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Workplace Survivor: Toxic Work Environments

toxic workplace, workplace, career, career management, toxic environment, bad boss, cultureThis is a guest post by Dawn Rasmussen.

It’s an all-to-common condition: people suffering from toxic work environments.  We’re not talking about hazardous materials… but instead: hazardous people.

A horrible boss or co-worker might have their own agenda, is experiencing mental issues, is power-hungry and thrives on stomping on people, or is just downright evil.

But the end result is the same: You feel sick.  Right down to your bones, in your gut, and in your head. 

Oftentimes, the hardest part of these situations is that many people feel stuck. They don’t have a job offer waiting in the wings and need the money to pay the bills.

But there are ways you can survive and get past these hazardous workplaces.  Here are 8 tips that will help you get through the poisonous office and move on:

  1. Get help.  It’s not all in your head… but toxic workplaces affect people’s self-esteem, confidence, outlook, and even approach to life. Talking to a counselor can help you process any anger you might hold against someone else…or yourself as a result of this situation.
  2. Nourish yourself. Think of the toxic work environment as the harsh, parched desert.  So carve out time doing things that recharge your batteries and are reaffirming… you will end up being an oasis in that desert, fed by cool, eternally gushing springs.
  3. Don’t invite toxicity into your personal life. This is the hardest thing to avoid… you come home, slam the door, sink into the couch, and say, “You wouldn’t believe what ____ did to me today!”  While it feels great to let it out, bringing home your work baggage means that you are unpacking the toxicity and hanging it around the house for everyone else to see.  Be very careful to set boundaries, share only the necessary things to get family support, but avoid making your arrival home after work the scene of a daily download.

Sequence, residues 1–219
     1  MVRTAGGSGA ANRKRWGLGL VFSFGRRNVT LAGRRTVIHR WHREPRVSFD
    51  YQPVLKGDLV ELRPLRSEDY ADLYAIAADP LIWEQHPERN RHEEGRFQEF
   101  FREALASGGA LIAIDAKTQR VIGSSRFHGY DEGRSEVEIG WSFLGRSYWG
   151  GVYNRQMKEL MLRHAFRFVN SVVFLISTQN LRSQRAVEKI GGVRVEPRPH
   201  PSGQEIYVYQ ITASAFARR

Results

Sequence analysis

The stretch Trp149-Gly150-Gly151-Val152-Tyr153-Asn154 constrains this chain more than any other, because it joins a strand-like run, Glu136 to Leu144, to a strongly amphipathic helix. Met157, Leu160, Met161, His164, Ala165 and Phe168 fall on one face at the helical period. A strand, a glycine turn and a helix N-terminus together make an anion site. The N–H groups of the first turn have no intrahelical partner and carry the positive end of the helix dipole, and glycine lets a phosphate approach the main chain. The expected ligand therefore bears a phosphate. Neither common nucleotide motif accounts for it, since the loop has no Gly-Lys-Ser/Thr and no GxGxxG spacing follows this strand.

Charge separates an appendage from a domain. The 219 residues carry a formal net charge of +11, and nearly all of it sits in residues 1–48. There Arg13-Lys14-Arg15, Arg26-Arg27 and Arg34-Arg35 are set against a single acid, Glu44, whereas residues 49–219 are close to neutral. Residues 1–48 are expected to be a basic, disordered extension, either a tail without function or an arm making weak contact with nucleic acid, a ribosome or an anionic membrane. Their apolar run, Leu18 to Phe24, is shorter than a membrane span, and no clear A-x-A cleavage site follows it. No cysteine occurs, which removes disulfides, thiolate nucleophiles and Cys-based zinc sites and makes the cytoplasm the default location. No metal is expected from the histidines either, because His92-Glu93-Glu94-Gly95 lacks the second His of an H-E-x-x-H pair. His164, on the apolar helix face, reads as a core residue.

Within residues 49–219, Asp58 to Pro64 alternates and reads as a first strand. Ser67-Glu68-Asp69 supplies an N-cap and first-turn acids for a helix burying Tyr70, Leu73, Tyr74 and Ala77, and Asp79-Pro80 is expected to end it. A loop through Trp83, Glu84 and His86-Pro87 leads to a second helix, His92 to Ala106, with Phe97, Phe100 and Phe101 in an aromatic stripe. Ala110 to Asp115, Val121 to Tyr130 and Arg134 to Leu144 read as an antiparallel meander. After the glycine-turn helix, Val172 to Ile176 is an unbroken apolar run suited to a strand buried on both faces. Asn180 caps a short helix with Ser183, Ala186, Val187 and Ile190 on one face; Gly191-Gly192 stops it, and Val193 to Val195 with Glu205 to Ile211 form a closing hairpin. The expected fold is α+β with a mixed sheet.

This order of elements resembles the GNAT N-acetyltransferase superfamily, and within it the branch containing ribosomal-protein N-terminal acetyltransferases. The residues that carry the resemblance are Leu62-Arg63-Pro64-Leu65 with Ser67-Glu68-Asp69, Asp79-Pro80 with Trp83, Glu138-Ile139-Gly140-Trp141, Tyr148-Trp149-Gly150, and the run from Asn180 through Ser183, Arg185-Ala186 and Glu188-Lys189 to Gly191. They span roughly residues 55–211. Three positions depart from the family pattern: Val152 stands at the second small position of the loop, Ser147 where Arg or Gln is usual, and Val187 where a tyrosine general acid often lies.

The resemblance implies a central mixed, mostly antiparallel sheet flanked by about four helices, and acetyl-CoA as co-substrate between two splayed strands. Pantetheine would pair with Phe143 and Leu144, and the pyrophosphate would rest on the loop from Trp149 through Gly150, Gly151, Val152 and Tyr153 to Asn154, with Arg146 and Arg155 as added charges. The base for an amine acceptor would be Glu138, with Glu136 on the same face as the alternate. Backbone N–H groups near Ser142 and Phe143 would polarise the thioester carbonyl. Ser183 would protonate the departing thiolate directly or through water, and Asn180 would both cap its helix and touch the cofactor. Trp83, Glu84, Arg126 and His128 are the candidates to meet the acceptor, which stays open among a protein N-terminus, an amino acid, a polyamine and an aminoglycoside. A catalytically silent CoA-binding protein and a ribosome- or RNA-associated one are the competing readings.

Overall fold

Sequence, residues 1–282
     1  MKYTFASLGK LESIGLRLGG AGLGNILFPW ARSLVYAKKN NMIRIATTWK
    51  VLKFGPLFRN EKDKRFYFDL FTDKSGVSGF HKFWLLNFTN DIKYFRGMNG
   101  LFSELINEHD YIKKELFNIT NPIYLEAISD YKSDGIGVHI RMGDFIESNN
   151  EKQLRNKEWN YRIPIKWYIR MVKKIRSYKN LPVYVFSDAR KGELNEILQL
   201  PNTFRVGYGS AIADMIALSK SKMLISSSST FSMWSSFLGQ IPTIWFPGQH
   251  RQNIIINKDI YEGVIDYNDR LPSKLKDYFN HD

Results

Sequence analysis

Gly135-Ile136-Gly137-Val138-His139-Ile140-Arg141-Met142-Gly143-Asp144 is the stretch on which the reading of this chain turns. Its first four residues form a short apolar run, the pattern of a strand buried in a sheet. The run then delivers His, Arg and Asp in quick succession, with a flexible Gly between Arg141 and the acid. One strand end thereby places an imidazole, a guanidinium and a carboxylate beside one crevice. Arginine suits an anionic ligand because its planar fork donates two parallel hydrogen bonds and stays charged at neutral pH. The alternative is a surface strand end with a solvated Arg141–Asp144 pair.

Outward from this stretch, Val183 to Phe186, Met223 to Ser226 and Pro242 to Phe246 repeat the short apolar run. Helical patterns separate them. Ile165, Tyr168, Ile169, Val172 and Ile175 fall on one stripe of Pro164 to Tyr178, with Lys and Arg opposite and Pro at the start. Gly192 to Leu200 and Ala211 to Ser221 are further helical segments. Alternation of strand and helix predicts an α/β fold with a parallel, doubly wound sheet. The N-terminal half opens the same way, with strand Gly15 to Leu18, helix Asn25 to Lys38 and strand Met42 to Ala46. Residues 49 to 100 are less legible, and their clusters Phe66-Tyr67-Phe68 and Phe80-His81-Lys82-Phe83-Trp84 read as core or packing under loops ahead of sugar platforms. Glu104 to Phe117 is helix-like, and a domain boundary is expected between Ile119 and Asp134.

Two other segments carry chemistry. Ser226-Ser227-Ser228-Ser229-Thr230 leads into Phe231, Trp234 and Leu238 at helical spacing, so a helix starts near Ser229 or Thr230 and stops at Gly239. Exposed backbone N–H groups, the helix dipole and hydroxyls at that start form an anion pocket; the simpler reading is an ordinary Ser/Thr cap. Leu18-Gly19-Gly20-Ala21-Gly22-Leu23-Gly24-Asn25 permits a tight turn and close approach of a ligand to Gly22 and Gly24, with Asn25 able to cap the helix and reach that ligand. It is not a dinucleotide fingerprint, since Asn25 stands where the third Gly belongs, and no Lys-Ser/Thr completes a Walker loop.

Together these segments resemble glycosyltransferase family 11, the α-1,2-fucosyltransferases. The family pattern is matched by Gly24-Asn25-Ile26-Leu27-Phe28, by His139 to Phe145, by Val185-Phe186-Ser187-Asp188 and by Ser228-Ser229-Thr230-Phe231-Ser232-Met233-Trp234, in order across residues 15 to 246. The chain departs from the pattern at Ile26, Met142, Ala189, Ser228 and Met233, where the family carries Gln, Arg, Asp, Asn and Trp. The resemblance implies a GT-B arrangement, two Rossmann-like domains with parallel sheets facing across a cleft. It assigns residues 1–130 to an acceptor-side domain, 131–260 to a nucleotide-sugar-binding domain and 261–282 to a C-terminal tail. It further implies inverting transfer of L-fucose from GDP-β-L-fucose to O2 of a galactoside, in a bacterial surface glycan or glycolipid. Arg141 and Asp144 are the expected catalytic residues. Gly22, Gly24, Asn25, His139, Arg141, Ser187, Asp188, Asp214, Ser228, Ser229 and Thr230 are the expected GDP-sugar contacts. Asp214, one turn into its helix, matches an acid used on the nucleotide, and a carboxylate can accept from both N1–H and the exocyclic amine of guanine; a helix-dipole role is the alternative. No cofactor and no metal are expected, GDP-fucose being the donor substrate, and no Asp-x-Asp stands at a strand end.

4. Look for a new job.  Getting away from toxicity also means getting out.  The fantasy most people have that are in a toxic work environment is to find their dream job, walk into their bad boss’ office, tell them what a bad person they are, and walk out in a blaze of light and justice.  Life doesn’t happen that way, as we know, but a quietly managed job search and continuous networking can start to pave the way for an escape. 
  5. If the mental cost is too great, quit.  Most job search advisers always say it is better to only leave a job once you have another one lined up. It takes careful consideration of your financial options to determine whether you have the ability to survive without work. Sometimes, the mental cost is so great that by leaving now, you’ve actually stopped your losses. 
  6. Focus on the position, not the people. Sometimes, being a deserted island in the midst of a raging sea can be your safe shelter. Doing your work, staying under the radar, and concentrating your efforts on your work rather than the human storm surrounding you is a way to create a tunnel-vision focus that helps you shed toxicity so it rolls away versus soaking you.
  7. Address it directly. Not for the faint of heart, but some people choose to address toxicity head on. They start documenting the incidents, address it with supervisors and human resource departments, and if senior management is responsive, act as an advocate for the removal of the hazardous people who are sickening the work environment.
  8. Get out of the office.  Staying involved in professional industry organizations can also be a lifeline to help you maintain your sanity outside of the office and remind you that not every company is this toxic.

Experiencing a toxic work environment is more common than you think; as you feel more comfortable sharing your story, you’ll be amazed to hear that almost everyone you know has lived through such a horrific experience and are happy to provide you emotional support during such a tough time.

You will survive, and get through this!

Photo via WikiCommons

Written by: Dawn Rasmussen
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Categories: Work and Life

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